Providing hope, one conversation at a time

Pat Sneller is a woman on a mission.  She has to be.  Ever since her husband Lee was diagnosed with Alzheimer’s in February 2009, the Flower Mound resident has worked tirelessly to find hope and answers.

The difficulty began when the Snellers were living in California and Lee was diagnosed with mild cognitive impairment in 2005. 

Both Pat and Lee have Alzheimer’s prevalent in their family trees.  Pat’s father died of Alzheimer’s and so did Lee’s mother and grandmother.  Because of this, they participated in a clinical research study at UT Southwestern and when they did, the news of Lee’s diagnosis was a shock.

“I don’t believe anybody expects to hear that,” Lee said. “When I found out, the first thing I did was cry.”

But that didn’t get either of them down.  Both Lee and Pat believe the key to living with Alzheimer’s is to come to a certain acceptance about the situation and make the best out of the hand life deals you.  “Once you come to acceptance, it gives you time to plan financially, legally, bucket list-wise,” said Pat.

The couple relocated to Bridlewood in 2007 to be closer to family and hit the trail, traveling throughout the United States speaking about life with Alzheimer’s, spreading hope through a simple slogan:  The End of Alzheimer’s Begins with Me, One Family at a Time.

A powerful message, for sure, but how can such a task be accomplished? 

The challenge is that many who have been diagnosed choose to either deny it or hide it from public knowledge; a problem Pat believes creates social isolation for the special group who need social interaction more than ever. 

“People are hungry for social interaction,” she explained.  “So many people with Alzheimer’s hide.  They’re embarrassed, afraid, and don’t want people to know.”

Talking about it is key.  “Telling people about it makes things simpler,” Lee explained.

But this need to talk soon caused another dilemma – finding a suitable venue.

Finding a place to meet other people in a similar situation became the spark that led to the creation of the Memory Café. 

“I heard of Memory Cafés when we were in California,” Pat said, “but I couldn’t find any groups here.”

So what did she do?  She started her own – first in Richardson and soon the group expanded to include Lewisville, Plano and Allen.

“Lee is a social guy and this gives him the opportunity to have a conversation in a safe place.  If he meets you and then reintroduces himself five minutes later, it’s okay.  Everybody understands each other there and it’s good for everybody.”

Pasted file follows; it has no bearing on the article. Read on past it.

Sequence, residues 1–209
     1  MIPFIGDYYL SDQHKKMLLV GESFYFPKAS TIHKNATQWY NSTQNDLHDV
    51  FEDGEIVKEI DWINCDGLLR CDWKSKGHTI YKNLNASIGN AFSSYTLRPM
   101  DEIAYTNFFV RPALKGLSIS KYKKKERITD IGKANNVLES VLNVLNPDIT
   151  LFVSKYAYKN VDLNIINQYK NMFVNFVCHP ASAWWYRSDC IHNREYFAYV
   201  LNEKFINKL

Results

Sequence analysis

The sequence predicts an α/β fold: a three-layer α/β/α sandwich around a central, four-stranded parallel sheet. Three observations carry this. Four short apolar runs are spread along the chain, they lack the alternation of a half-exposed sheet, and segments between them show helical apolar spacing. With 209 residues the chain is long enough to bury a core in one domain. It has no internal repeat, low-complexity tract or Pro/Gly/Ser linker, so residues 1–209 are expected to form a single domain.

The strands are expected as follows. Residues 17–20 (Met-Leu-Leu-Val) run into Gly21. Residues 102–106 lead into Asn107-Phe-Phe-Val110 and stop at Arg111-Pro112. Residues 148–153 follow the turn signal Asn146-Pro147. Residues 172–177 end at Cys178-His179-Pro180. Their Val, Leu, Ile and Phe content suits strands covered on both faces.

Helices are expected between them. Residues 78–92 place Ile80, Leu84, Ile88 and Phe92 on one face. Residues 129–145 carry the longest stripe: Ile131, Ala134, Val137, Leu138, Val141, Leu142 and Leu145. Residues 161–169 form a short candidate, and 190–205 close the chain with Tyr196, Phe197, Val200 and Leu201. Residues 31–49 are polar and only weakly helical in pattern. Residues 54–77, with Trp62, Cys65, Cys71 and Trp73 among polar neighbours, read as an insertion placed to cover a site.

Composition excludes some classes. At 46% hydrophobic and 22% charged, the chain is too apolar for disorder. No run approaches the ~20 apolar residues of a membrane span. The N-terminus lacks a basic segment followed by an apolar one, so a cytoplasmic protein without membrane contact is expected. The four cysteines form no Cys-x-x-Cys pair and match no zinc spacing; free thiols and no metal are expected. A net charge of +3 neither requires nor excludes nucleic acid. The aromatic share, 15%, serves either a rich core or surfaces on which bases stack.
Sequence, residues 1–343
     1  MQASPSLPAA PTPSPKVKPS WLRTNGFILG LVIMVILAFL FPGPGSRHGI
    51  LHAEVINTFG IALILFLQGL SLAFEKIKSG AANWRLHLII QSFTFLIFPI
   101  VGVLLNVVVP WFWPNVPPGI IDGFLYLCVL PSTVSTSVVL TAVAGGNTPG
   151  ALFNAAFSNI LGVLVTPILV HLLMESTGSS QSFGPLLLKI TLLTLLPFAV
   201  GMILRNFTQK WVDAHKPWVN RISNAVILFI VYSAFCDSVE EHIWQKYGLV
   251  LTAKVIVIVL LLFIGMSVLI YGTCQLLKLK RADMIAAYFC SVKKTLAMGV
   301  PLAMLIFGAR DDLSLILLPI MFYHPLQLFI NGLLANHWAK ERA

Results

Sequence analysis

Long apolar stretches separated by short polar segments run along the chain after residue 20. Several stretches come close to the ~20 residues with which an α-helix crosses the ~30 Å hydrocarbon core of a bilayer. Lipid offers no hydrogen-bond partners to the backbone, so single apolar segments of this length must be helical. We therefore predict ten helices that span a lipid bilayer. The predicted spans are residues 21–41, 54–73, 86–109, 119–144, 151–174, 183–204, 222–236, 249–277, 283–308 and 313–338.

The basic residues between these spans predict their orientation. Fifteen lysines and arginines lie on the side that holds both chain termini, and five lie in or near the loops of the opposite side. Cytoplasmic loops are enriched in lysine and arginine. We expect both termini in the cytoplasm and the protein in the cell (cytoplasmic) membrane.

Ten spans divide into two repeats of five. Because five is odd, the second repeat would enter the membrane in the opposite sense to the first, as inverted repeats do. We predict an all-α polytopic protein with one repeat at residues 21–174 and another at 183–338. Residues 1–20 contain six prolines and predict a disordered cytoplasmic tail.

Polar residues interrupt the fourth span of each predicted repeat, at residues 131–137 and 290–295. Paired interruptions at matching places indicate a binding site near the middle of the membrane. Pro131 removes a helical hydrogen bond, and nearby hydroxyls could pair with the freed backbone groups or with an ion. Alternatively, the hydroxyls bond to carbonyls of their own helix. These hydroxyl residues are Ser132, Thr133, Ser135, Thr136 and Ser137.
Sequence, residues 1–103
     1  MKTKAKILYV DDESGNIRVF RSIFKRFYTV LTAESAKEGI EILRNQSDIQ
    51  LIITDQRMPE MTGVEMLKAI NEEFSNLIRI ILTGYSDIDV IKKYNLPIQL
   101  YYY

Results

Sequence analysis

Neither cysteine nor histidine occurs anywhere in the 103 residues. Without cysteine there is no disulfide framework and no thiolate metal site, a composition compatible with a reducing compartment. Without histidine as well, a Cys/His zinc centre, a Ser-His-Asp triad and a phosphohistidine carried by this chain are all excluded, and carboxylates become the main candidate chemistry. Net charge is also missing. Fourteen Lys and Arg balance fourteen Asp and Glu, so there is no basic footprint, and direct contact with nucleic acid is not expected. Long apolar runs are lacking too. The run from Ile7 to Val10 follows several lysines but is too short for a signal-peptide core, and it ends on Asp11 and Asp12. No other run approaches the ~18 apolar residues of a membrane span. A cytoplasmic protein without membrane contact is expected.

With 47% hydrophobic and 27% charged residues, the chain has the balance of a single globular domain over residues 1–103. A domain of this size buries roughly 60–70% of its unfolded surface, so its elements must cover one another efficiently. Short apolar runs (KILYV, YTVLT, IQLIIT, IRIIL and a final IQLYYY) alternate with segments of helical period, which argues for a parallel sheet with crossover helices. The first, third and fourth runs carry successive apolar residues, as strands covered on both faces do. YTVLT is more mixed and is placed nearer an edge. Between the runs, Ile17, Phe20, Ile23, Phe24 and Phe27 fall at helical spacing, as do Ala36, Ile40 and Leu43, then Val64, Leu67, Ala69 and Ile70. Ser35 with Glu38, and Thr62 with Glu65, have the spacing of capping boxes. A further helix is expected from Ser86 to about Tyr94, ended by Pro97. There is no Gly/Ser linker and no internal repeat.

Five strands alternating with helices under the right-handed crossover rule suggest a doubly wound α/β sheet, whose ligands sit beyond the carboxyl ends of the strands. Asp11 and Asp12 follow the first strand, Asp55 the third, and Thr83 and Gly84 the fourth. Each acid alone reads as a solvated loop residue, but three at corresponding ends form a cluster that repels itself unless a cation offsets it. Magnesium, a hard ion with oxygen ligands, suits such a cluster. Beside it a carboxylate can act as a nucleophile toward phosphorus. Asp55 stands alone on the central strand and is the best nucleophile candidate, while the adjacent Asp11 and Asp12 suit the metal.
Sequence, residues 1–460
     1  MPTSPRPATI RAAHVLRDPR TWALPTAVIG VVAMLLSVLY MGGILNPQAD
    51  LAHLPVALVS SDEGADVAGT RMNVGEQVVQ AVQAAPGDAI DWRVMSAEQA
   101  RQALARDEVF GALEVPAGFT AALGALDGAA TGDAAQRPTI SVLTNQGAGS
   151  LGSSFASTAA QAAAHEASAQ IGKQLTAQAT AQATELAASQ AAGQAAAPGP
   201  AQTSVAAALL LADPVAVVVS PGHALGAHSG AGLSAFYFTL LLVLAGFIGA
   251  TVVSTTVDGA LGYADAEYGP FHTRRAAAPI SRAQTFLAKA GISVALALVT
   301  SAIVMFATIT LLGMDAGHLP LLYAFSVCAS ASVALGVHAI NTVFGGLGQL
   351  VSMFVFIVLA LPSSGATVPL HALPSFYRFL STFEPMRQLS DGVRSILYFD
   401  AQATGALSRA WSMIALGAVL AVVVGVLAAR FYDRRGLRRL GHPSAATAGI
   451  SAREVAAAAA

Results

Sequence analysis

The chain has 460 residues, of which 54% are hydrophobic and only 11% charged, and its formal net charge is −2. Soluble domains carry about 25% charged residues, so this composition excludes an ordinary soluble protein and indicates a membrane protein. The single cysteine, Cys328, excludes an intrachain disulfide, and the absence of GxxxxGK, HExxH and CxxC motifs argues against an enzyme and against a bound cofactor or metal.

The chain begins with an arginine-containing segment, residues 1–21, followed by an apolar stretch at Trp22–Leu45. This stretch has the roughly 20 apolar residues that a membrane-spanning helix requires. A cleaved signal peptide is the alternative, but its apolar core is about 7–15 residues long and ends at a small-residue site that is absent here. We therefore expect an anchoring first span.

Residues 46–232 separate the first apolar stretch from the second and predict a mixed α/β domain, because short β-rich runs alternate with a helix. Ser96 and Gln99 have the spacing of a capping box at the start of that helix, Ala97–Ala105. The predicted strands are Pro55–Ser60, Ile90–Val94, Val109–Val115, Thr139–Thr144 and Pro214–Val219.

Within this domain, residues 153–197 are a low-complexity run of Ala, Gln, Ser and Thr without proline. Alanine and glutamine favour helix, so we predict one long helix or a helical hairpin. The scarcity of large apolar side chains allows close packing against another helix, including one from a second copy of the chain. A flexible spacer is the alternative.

So why don’t more people know about the Memory Café?  After all, according to, Alzheimer’s disease is amazingly the 6th leading cause of death in the United States today, affecting over five million people.

“We need to get the word out and let people know there is support in the area,” Pat said.

Ideal candidates for the Café are anyone who is concerned or has questions about memory problems to those clinically diagnosed with Alzheimer’s in the early stages or any one of the multiple forms of dementia.

The Memory Café strives to be informational, but that’s not the main purpose of meeting, according to Pat.  “We have activities, but limit the time on those.  The group is there to socialize and they need that time to just relax and talk.”

If you or a loved one are concerned about memory and want a safe place to meet, visit the Memory Café during one of their monthly meetings.

What: Lewisville Memory Café
Where: Lewisville Senior Center, 1950-A Valley Parkway, Lewisville, TX 75067
When: Third Friday of every month
Time: 10 a.m. to 11:15 a.m.
For More Information: Lewisville Senior Center (972) 219-5050 or Patti Dickson at (972) 941-7335

For more information about Alzheimer’s signs and symptoms, visit

If you are a caregiver, visit for resources and help.

Shelley Kaehr is a longtime Lewisville resident and Associate Agent for Nationwide Insurance Randall Crane & Associates.

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